I would say those are the good places to start. The trusting audience stuff can definitely, Take longer
Sarah: to, it's a muscle, right. That you kind of practice. Yeah. Yeah. What I would I add also is, is this creativity thinking. Like what, what I wrote about in the book is this idea of,
for probably a decade now, we know about storytelling, but if you come from this left brain thinking, analytical mind of I have to do marketing and now I have to, you know, tell stories in my marketing, your left brain. Is an overtrained muscle where your right brain is an undertrained muscle, and so your left brain will always want to bring in some techniques and, and, and features and benefits and, and those make.
Don't make for a [00:37:00] good story, right? Where really the right brain is bringing in the creative storytelling approach. And so I would say yeah, bring in some creative, , activities let that brain take off and, and, and experiment freely. , to me it really. When I understood storytelling is when my right brain turned on.
I'm like, oh, okay. So it's more about connecting with my audience and not about, you know, making them do something or buy something or, or any of that. So I think that was, , yeah, important to share here.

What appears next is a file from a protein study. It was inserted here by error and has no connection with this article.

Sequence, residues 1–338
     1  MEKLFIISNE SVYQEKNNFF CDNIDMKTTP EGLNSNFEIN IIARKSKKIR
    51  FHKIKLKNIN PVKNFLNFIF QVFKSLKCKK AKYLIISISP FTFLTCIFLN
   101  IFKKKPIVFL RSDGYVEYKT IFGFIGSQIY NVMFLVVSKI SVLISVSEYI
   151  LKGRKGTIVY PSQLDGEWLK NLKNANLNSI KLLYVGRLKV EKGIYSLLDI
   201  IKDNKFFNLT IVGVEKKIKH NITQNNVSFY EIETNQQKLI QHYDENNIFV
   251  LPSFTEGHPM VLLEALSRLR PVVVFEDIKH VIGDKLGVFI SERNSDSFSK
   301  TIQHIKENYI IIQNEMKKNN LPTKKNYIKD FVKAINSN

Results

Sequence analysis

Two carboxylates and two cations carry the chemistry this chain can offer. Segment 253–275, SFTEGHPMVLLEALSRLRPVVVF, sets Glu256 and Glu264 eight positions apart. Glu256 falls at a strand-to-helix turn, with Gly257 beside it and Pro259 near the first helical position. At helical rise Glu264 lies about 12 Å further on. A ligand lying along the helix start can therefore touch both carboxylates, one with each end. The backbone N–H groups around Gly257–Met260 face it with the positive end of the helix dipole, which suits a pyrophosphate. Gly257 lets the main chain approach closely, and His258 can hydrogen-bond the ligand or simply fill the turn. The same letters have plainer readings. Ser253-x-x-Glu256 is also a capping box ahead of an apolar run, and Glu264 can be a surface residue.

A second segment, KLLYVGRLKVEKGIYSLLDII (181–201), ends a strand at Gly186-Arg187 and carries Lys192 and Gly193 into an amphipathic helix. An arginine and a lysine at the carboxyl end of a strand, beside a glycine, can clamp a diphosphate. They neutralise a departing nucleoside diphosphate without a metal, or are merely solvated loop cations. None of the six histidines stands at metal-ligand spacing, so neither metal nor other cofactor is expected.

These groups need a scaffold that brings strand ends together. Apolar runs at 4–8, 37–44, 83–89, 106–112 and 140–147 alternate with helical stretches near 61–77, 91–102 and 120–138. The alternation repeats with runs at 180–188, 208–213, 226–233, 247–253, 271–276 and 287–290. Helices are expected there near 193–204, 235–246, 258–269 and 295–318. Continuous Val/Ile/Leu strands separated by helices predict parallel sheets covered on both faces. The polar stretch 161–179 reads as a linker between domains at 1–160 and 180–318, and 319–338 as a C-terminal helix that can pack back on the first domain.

Hillary: Yeah, and I think listening to other people's stories, whether it's like in someone else's marketing, but also just.
Watching videos of storytellers on YouTube or listening to storytelling podcasts, right. At any time I hear someone really like in their story and sharing, I'm connected to it, but at the same time, it's helping me think of stories from my life that I want [00:38:00] to share. Yeah. And also I know when I go for walks or.
My ideas always come to the surface, and I always have like a, either on my phone or a notepad next to me. , I just shared a story about my dentist in my newsletter, and that had been, I, that appointment was in. July, I think. So I was sitting with that story just brainstorming wise until I was ready to share it and had a reason to share it with my audience as